Slovenian Democratic Evolution and Praxis « Nazaj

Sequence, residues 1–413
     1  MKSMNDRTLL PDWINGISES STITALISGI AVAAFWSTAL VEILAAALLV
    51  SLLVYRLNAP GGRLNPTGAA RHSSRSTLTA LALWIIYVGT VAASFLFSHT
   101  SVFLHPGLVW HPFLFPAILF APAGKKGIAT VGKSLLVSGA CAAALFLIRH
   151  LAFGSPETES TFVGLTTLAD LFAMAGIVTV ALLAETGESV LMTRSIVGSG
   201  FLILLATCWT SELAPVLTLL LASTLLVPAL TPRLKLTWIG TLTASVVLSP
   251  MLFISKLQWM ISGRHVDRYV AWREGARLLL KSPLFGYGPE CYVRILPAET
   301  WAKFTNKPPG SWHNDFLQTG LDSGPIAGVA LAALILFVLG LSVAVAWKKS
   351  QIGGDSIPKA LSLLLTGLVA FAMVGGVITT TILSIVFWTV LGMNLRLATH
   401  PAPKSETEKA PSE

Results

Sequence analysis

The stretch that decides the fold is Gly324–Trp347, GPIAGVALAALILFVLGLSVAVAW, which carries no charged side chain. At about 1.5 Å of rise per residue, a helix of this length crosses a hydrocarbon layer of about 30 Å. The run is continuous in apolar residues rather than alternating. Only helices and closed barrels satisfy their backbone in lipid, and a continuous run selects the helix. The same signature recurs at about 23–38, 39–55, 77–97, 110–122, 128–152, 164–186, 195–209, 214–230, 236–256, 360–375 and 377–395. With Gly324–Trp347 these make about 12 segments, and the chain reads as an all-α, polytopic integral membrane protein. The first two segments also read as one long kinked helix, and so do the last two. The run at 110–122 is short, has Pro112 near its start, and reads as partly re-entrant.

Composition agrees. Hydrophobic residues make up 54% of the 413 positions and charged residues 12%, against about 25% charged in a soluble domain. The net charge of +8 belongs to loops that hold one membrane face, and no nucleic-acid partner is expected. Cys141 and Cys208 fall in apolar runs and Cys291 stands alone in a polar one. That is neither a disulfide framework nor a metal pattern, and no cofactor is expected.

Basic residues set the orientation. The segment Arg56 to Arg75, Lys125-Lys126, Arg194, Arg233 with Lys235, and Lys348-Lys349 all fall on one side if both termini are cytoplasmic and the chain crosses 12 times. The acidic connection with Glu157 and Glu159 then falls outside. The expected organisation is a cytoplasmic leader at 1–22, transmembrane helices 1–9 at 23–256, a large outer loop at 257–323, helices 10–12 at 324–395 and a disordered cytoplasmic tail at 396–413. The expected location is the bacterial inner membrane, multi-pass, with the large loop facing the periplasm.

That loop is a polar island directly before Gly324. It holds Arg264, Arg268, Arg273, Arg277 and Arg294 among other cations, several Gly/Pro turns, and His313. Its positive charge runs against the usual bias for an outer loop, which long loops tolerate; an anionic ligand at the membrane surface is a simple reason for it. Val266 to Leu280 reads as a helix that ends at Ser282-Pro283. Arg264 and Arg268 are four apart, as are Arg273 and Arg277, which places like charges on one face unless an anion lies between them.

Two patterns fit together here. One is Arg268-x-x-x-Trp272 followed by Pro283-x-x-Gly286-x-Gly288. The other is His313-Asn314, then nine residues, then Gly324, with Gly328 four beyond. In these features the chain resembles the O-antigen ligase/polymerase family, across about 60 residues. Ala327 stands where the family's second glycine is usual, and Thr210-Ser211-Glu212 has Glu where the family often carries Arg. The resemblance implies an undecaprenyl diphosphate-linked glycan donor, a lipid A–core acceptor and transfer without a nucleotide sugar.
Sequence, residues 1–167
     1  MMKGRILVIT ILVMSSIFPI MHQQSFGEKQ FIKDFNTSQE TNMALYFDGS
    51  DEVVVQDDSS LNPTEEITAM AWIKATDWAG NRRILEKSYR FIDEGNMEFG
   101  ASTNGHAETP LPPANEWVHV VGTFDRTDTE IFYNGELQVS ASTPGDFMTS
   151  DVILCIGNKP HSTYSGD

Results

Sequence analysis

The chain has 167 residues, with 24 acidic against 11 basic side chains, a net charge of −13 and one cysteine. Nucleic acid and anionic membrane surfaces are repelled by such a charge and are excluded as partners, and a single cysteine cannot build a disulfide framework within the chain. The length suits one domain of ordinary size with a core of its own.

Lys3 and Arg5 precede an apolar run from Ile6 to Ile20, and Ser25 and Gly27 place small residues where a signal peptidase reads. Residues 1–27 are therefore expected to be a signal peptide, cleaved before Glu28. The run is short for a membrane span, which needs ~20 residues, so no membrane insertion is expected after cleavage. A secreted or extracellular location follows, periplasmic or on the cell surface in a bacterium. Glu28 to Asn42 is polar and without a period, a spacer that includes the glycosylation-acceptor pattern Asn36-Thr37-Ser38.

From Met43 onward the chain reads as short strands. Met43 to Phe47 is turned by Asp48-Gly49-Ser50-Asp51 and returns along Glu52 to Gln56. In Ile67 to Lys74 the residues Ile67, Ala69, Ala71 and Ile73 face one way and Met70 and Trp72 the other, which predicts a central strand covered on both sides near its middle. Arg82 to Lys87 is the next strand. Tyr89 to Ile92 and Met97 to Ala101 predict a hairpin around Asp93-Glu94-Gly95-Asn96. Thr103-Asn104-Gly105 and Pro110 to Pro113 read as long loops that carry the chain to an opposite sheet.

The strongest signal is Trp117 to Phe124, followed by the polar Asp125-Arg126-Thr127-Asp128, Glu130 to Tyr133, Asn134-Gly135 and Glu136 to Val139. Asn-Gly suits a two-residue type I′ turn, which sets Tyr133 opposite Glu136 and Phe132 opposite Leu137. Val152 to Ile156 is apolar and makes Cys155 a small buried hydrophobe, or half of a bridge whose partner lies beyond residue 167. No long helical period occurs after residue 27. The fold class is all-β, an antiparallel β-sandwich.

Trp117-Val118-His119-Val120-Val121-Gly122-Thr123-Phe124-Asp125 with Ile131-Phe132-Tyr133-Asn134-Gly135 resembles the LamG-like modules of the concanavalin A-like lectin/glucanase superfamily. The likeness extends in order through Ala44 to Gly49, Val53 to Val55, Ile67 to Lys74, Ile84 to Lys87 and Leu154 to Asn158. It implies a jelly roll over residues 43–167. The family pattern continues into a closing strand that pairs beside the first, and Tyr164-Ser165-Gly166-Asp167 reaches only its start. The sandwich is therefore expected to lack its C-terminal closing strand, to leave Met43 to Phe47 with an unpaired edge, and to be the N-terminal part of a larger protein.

According to the Nations in transit and HDI measurements, Slovenia is regarded as a democratic country yet with some measurements it can also be found lower down the scale (problems with corruption). Although such measurements are not completely accurate, most of them rank Slovenia among the most successful countries in democratic transition. Since gaining independence in 1991, Slovenia has completely put in place all democratic institutions of state organisation, mostly undergone major capital rearrangements (privatisation, liberalisation, denationalisation) and achieved both of the starting objectives of new international involvement together with fulfilment of their criteria (entering the EU and NATO), while on 1 January 2007 has taken on the common European currency as the first country among the former socialist countries. Slovenia was also the first former socialist country that successfully led the EU in first half of 2008. Authors were motivated to write this book by the recognition that these days there are more calls for research to examine the actual behaviour of democratic institutions of state regulation, to ascertain their relationship and openness to citizens and their initiatives and check the possibilities of civil society forming policies. The book presents Slovenia’s constitutional regulation, as well as the organisation and actions of Slovenian authority. The description of the country’s democratic development highlights the democratic deficits and considers the possibilities of future development.